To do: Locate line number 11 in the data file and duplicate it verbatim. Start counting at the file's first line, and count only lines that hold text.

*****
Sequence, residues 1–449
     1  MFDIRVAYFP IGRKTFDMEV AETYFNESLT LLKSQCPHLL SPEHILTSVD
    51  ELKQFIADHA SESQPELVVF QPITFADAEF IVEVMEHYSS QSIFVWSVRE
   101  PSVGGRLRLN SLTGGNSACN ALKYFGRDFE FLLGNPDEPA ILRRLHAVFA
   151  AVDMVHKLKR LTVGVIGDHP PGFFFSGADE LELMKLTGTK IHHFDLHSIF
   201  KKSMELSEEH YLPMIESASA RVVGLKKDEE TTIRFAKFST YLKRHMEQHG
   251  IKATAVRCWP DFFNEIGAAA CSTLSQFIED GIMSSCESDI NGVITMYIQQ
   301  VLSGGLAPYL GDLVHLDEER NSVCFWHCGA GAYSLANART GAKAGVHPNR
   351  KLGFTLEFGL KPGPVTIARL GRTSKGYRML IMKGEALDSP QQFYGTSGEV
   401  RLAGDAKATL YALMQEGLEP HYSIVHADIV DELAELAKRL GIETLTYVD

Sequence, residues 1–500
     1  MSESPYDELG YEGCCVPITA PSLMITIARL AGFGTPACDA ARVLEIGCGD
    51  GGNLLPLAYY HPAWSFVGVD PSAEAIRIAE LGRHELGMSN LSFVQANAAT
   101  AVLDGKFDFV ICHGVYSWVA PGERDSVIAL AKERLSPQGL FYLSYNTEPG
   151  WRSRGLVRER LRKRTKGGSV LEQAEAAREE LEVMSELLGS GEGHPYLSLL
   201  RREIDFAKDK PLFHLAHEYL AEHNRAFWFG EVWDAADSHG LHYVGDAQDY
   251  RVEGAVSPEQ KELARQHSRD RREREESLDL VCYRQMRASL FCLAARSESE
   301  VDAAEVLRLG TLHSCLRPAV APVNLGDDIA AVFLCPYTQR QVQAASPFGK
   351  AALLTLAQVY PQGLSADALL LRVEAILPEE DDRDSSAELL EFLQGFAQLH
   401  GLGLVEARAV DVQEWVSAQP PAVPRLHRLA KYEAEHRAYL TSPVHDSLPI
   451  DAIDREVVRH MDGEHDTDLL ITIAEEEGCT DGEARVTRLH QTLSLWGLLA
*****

Sequence, residues 1–500